Are You Ready to Tour Paris in the Spring?

Activities for kids

Hers was not a typical beginning to a freshman year in college. While they rest of her high school classmates were still back home soaking up the sun sitting by the pool, this particular college freshman joined her college classmates on a two week tour of Paris. Conducted during the month of August before the start of first semester, the college freshmen enjoyed many sites that would hook them on the wonder and educational value of traveling the world. In fact, after the two week visit to the City of Lights, this particular freshman immediately started making plans for touring Paris in the spring of her sophomore year.
During the summer college tour of The Palace at Versailles, the group met a family that had frequently hosted students from the Louisiana college and had invited them to return sometime. The plan for touring Paris in the spring would include a few nights with the host family, as well as a few nights in upscale Paris apartments.
Favorite Paris Sites Demand Repeat Visits
One favorite experience in Paris is walking through the hall of mirrors or wandering the gardens of The Palace at Versailles. This popular location is a perfect spot when touring Paris in the spring. It is known for its spectacular beauty and historical significance as well. The importance of Versailles peaked before the rights of man, before universal suffrage, before the French people even got to vote on their ruler, and certainly before women had any rights. A study of Paris Noir history helps American visitors see an entirely different side of French history that is usually skimmed over if mentioned at all in American textbooks.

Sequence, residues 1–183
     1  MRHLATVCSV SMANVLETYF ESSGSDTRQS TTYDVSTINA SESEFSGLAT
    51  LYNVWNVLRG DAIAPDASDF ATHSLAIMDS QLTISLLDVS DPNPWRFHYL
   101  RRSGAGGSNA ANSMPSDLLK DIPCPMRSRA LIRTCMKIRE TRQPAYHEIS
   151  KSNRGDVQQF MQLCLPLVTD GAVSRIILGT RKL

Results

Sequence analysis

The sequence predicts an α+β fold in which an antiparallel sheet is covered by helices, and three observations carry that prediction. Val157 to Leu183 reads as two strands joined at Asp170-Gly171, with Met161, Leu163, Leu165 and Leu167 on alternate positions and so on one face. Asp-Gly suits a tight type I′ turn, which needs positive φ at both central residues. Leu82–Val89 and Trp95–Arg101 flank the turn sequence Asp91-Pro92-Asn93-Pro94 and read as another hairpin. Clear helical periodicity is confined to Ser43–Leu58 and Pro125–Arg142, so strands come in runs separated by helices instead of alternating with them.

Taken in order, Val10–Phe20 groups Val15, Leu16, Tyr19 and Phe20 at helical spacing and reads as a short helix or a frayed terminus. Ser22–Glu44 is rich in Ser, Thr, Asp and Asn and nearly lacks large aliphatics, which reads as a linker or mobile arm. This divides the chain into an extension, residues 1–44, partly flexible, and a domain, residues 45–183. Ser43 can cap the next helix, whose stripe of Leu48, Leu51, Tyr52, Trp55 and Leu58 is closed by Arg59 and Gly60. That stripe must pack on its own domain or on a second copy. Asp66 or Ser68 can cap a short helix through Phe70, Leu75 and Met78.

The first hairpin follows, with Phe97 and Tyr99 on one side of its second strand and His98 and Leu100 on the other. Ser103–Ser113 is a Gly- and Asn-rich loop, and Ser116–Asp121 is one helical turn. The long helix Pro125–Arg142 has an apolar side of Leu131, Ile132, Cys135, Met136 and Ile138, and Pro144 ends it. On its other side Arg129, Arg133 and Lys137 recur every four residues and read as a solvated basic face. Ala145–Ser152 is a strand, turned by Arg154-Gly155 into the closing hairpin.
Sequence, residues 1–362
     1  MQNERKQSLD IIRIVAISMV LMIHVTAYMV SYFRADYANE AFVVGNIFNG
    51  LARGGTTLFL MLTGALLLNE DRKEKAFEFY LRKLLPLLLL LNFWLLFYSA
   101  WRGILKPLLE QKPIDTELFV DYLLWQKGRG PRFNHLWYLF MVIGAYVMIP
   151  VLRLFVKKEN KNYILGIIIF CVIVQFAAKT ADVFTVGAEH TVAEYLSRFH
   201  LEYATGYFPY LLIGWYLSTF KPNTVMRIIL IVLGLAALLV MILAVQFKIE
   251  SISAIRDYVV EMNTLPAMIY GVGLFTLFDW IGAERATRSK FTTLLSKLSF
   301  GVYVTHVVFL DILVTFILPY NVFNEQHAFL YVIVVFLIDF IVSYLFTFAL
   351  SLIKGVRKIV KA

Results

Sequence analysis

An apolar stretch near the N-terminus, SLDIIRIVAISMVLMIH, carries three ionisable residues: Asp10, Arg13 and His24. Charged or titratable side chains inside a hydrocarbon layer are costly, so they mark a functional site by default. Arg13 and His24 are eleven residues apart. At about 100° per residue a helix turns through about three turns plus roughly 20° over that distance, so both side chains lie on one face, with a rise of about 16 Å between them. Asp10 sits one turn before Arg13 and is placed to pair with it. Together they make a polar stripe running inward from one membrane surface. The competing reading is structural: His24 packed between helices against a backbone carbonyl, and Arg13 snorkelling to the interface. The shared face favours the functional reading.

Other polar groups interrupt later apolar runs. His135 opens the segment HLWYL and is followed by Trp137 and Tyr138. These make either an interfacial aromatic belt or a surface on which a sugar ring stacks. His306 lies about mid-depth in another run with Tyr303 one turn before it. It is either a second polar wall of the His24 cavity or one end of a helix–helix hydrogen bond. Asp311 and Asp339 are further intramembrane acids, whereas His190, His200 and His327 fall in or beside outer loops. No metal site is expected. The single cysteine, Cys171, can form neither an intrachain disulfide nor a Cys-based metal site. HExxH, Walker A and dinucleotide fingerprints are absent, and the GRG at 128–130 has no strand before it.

Another favorite location of many visiting Paris for a second time is the famous room in the Louvre Museum with the Mona Lisa painting. The high ceilings speak to the painting’s sophistication and importance. The large room contains many more paintings besides the Mona Lisa, but none that anyone pays much attention to. Directly across from the Mona Lisa, for example, is a wall filled with a huge mural. The mural, probably twenty times the size of the Mona Lisa, attracts a small fraction of the number of people visiting the most famous painting in France. Touring Paris in the spring may provide visitors an opportunity to catch more than a glimpse of the Leonardo da Vinci piece of art. With luck, you may even get close enough to really analyze and appreciate it.
If you tire of crowds formed by the majority of the people in the Mona Lisa room, the Louvre also has entire rooms containing African art pieces. This space could not contrast more with the room housing the Mona Lisa. In comparison to the majestic, ornate decorations of much of the rest of the museum, the rooms containing the African art are far more modern. And while breathing room may seem hard to come by the closer you get to the famous da Vinci painting, the African Art exhibit is considered by some the coolest, least crowded room you will see all day. Glass cases house some pieces, but not the majority. You can get close enough to see all the intricate details easily, without having to push through a crowd. Far fewer people made it past the exits to see the African art exhibit, but those who did appreciate it far more than the crowds pushing as close as they could for one picture of the Mona Lisa. These differences highlight the the contrasts present in one of the most important art museums in the world.
Touring Paris in the Spring Encourages Leisurely Sight Seeing
Though the heat of the summer months can make Paris exhausting, spring time visits are wonderful. Venturing outside of Paris, visitors can choose from 4,000 tourist sites and events popular enough to attract 300 million visits a year. Among these locations are 8,000 museums and 45,000 listed or registered historical monuments. Accommodations in Paris provide relaxing settings to Americans, plus the 83% of foreign tourists visiting France who come from Germany, the United Kingdom, Belgium, Italy, Netherlands, Switzerland, and Spain. Another attraction to these visitors from around the world are the wine regions which support a dynamic industry that 24 million people visit a year.

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